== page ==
From Dr Friedman’s research, I think we can say that green tomatoes don’t pose a threat to your goats. Although, I can’t imagine your goats would want to eat too many of them, because they’re bitter.

And that bitterness is the plant’s defense mechanism against being eaten by hungry goats. Clever plant!

Always Introduce New Foods To Your Goats Slowly

Whenever you feed a new food to your goats, always start off with a small amount, so their digestive system can adjust.

You don’t want to overload your goats with food that they don’t have the right bacteria to digest properly.

When you introduce new foods slowly, your goat’s gut flora will adapt and you won’t have any problems.

Start off with a few cherry tomatoes or one medium tomato, for the first few days.

It’s always better to go slowly, even if it seems overly cautious.

By avoiding problems in the first place, your goats won’t have to deal with any painful or dangerous consequences.

Your goats can become seriously ill, and even die, when their diets are changed too rapidly.

Can Baby Goats Eat Tomatoes?

Your baby goats (kids) can eat tomatoes once they’re weaned. But only in small amounts – one cherry tomato would be enough.

While you should focus on making sure that your goats get a fully balanced diet from their normal food, an occasional treat is fine.

Whenever you feed a new food to your goats, pay close attention to its droppings to make sure there are no digestive problems.

Goats should have a very clean behind. If your goat has mess back there, and you’ve been giving tomatoes or other foods as a treat, the treats are probably the cause. Hold off on giving any more until your goat has recovered. And then introduce the food in small amounts, once your goat is a little older.

Can Goats Eat Raw Tomatoes?

Goats love raw tomatoes, so there’s no need to cook them. In fact it’s better to feed your goats raw tomatoes because raw tomatoes have higher nutrient levels. Cooking destroys important nutrients like vitamin C.

Can Goats Eat Tomato Plants?

I’ve written a more extensive article about goats eating tomato plants – take a look.

My goats have eaten tomato plants from time to time, when they’ve made a break for the vegetable beds. No one suffered any ill effects. Other goat owners report similar experiences.

Tomato vines (the stem and the leaves) contain tomatine at a similar concentration to green tomatoes.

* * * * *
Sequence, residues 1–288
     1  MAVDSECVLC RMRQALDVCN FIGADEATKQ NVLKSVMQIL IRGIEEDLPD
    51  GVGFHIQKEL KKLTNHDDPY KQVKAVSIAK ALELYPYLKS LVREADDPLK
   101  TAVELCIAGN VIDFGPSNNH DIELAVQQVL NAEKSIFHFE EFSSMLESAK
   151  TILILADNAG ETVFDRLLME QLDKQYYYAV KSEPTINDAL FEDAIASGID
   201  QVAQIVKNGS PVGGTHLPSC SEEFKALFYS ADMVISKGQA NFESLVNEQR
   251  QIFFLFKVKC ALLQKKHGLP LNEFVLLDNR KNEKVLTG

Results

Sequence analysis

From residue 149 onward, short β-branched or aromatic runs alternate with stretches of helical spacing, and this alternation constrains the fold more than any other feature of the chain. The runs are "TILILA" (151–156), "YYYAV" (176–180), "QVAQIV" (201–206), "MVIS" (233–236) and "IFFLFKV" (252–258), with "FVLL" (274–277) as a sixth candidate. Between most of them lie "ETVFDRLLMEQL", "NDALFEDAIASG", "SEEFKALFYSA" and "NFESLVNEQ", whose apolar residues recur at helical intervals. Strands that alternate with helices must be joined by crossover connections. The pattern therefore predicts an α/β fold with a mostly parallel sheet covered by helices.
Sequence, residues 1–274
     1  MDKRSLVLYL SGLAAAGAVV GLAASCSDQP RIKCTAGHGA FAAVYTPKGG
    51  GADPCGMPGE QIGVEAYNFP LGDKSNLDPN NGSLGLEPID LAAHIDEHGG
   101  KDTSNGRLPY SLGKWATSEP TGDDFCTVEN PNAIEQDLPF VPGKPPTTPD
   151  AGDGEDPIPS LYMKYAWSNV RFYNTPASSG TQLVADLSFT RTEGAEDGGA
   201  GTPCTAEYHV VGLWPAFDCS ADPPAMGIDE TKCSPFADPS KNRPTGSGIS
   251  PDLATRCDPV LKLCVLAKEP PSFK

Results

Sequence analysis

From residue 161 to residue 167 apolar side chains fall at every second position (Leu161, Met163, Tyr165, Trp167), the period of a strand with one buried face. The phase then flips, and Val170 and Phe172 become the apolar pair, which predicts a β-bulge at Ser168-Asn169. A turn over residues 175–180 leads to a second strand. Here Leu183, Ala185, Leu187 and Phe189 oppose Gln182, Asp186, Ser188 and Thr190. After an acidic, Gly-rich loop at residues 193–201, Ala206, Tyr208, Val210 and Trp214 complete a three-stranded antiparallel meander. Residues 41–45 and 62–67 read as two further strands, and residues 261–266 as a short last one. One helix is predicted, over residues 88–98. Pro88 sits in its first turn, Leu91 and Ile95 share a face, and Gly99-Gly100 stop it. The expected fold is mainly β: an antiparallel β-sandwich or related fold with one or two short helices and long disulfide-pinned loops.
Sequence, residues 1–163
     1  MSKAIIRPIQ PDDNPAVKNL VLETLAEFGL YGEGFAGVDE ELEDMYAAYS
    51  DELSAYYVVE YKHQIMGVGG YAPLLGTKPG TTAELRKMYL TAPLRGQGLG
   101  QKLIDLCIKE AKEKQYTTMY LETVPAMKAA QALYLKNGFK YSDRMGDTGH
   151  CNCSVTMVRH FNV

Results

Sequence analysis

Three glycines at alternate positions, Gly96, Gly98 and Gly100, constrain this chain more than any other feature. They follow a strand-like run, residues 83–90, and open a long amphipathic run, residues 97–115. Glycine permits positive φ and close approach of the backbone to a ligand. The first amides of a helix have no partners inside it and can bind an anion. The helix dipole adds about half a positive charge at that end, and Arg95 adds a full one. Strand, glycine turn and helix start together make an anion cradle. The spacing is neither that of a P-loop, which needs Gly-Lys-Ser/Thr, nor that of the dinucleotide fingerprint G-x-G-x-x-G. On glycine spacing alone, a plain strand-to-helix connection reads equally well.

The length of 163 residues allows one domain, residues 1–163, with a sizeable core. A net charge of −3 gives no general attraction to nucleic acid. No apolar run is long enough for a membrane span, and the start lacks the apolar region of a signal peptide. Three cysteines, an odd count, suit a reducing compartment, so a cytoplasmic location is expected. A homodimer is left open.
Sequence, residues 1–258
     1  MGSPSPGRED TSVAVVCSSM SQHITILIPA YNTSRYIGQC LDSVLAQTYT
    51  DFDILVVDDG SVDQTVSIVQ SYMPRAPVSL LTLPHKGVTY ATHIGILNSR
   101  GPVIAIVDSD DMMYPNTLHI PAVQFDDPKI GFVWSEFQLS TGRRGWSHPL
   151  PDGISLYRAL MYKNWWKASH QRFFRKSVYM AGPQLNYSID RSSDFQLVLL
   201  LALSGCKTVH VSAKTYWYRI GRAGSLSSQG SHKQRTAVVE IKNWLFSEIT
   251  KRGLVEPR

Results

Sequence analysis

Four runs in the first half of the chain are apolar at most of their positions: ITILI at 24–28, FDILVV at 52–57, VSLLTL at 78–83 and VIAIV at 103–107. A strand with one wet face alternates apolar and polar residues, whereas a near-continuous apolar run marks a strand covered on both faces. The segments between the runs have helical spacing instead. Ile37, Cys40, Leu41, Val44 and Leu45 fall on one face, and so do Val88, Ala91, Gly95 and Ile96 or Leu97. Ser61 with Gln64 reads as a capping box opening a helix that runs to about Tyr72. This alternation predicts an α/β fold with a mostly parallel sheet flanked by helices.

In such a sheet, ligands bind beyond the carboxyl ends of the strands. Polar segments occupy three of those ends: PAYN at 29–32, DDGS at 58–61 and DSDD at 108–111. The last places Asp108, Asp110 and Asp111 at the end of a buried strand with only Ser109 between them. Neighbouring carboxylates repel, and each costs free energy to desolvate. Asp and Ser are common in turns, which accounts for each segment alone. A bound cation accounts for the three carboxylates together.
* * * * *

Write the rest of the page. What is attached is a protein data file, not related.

Based on Dr Friedman’s findings, you can rest easy if your goats snatch a few tomato leaves from your vegetable garden.

Because the tomatine will pass through your goat’s digestive tract largely unabsorbed, your goats should suffer no ill effects if they eat some tomato leaves.

This is confirmed by the College Of Agriculture And Life Sciences at Cornell University.

Luckily, glycoalkaloids are poorly absorbed by the gastrointestinal tract of mammals, an appreciable amount of solanum-type glycoalkaloids is hydrolized in the gut of mammals to the less toxic aglycones, these metabolites are rapidly excreted in the urine and feces of mammals. Because exposure to these poisons is generally by ingestion, it takes a relatively large amount of them to cause death.

Cornell University College Of Agriculture And life Sciences.

More reassurance comes from a study carried out by researchers in Israel where, during a 42-day study, cattle were fed dried tomato vines and no ill effects were observed.

I’ll add that my goat’s have eaten tomato leaves and they were fine. Interestingly, while they happily stripped the leaves from the tomato plants, they left the stems.

Can your goats eat your dead tomato plants at the end of the growing season?

That’s for you to decide.

Based on what researchers have found, and my own experience, I doubt your goats would have any problems, but it’s your call.

Summing Up

Your goats can safely eat ripe tomatoes.They’ll no doubt enjoy them a great deal and think you’re the bee’s knees for bringing them delectable morsels.

Green tomatoes are also safe for your goats to eat, but they taste bitter so I think your goats wouldn’t want to eat too many.

As for tomato plant material, research suggests that tomato vines are also safe for your goats to eat.

Thanks for reading: Can Goats Eat Tomatoes? And I hope your goats enjoy eating their juicy treats!

bio pic

Kate Prince

Hey there! I’m a small scale homesteader sharing what I know about the off-grid life. I grow fruits and vegetables, raise chickens and goats, and produce my own power, heat, and clean water.   Feel free to send me a message.